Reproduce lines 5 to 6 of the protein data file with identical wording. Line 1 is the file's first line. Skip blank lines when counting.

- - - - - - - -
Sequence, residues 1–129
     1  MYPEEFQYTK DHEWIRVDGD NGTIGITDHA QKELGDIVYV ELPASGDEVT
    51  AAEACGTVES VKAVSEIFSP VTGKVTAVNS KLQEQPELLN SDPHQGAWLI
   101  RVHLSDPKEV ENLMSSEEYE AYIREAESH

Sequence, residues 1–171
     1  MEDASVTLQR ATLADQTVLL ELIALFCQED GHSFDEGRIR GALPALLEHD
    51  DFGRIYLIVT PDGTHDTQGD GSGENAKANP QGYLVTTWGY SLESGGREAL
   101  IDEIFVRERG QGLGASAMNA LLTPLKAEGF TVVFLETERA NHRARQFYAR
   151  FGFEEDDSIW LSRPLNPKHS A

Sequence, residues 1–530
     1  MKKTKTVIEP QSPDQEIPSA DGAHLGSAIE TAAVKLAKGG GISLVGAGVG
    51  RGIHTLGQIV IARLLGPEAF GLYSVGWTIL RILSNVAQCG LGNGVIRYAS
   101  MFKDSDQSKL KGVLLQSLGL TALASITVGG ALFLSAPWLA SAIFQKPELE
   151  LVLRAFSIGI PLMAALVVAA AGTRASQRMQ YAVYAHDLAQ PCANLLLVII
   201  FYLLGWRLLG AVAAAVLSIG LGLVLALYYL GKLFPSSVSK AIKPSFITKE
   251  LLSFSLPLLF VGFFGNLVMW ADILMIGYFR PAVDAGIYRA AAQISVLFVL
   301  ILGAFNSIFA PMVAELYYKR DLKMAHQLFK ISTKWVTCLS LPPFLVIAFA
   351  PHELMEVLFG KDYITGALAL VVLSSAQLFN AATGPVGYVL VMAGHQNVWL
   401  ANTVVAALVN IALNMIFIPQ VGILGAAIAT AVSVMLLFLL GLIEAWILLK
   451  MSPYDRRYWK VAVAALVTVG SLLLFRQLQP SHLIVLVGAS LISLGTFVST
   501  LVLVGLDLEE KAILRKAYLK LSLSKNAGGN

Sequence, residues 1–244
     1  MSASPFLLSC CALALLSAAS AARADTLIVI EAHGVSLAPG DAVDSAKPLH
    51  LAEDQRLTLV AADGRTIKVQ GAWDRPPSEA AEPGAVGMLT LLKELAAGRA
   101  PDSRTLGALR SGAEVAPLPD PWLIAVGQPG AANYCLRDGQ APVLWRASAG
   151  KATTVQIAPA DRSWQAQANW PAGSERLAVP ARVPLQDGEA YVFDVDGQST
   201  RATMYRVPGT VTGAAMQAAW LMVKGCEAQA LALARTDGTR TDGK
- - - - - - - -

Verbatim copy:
Sequence, residues 1–171
     1  MEDASVTLQR ATLADQTVLL ELIALFCQED GHSFDEGRIR GALPALLEHD